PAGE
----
We leave that to the diplomatists and "statesmen" — save the mark— who are not ashamed to stand up in the House of Commons and apologize for the assassins of Bulgaria, and who have the effrontery to condemn the execrations excited by the atrocities of the Moslem by a reference to the misdeeds of that Governor Eyrk, whom they defended against the indignant impeachment of the English people. Here, at all events, men have not forgotten their manhood, and Englishmen have not forsaken their allegiance to that Liberty which used to be the crowning glory of our land. Witlings, cynics, and the whole tribe of moral eunuchs, who are only too numerous in many quarters, infest the North like other vermin, but they are recognised as vermin. Enthusiasm has not yet died out in our midst. The pitiable snob who has lost faith in the universe, and classifies his brother men as "mostly cads," who is equally destitute of generous emotions and lofty conceptions, has but small influence in the North of England. The old watchwords still ring true in our ears. We believe in Liberty, we have not lost faith in Fraternity. We believe that the cause for which Cromwell fought and Hampden died is worthy of the sympathies, the prayers, and the assistance of every one worthy of the name of man. Strange although it may sound in the ears of some Cockney journalists and Conservative politicians, we in the North here esteem the liberties of men and the honour of women to be worth fighting for, and hence we regard with unfeigned sympathy the efforts which the Christians of the East are making to win the one and protect the other from the filthy and immoral despotism of the Turks.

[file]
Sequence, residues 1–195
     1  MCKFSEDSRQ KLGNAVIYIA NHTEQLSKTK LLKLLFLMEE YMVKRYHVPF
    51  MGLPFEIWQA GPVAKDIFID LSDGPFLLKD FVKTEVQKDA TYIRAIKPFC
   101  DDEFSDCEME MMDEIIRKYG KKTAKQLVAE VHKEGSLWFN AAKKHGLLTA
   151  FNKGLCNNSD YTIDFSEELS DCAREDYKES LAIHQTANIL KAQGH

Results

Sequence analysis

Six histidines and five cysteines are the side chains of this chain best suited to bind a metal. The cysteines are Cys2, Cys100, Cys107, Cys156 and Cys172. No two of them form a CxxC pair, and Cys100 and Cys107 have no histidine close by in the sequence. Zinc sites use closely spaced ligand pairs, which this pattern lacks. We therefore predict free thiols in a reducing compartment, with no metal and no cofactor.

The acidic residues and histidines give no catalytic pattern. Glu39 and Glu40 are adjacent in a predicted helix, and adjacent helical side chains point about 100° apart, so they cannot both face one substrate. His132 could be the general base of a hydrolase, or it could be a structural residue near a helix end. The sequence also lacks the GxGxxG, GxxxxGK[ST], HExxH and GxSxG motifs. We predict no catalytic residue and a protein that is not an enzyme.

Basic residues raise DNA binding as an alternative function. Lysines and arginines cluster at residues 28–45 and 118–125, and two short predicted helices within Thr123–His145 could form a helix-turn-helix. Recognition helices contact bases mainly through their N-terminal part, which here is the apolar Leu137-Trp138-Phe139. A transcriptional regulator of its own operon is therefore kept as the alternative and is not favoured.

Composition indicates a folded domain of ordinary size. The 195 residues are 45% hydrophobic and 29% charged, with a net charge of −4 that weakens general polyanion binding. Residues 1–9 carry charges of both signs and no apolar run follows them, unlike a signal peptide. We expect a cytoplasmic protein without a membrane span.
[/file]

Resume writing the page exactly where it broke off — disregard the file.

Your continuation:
It is time that the people of England spoke out on this question, for it is a question which appeals to every one of them. Especially does it appeal to the millions upon whose industry rests the stately edifice of England's greatness. The sense of the solidarity of mankind, the consciousness of brotherhood is stronger among the toiling myriads than in the Upper Ten. Hence again and again, when the upper classes have extended their sympathies to oppressors and despots at home or abroad, the honest hearts of England's working people have remained true to the good cause. It was so in the America war. It was so in the struggle for Italian liberty. Our cultured classes sneered at Garibaldi, but he was canonised by the popular heart. A section of our aristocracy paid court to Austria, but the draymen horsewhipped Haynau. We have always had good leaders in all good causes among the wealthy and the titled, but the great strength of every movement has been drawn from the people. As it has been, so it will be— it is now— it behoves every Englishman of whatsoever class or party he may belong, to make known in no faltering accents his determination that our Government of Tory landowners shall not use England's name to bolster up the insupportable tyranny of the Ottoman in Eastern Europe. Fifty years ago all England kindled into enthusiasm at the thought of rescuing classic Greece from the Turkish yoke. Lord Byron sacrificed wealth, genius, and life at the alter of Greek independence. His poems rang through Europe, inspiring the "hereditary bondsmen" of the Sultan "themselves to strike the blow" which was to give them freedom. Greece was rescued from Turkey in a great measure through the English enthusiasm for liberty, and now the turn of Bosnia has come. The oppression which roused Byron to fury, and inspired some of the most stirring of his poems, was not one whit worse than that which has driven the Insurgents of the North to take to the hills. But as yet no thrilling cry of sympathy rings across the wave from England to the Adriatic. England, alas! stands aloof. Her Government, in the hands of a man who has no affection for our liberties, no sympathy for the struggles of nations for independence, appears to be using our influence on the side of the Turk, and no man says him nay. This must not be. It is time that this should cease, but unless Englishmen awake from their indifference and pronounce with unmistakable emphasis for the cause of the oppressed, it is even possible that before long they may be summoned to fight for the oppressor, and spend their blood and gold in rivetting the chains of the Moslem upon the Christians of the East.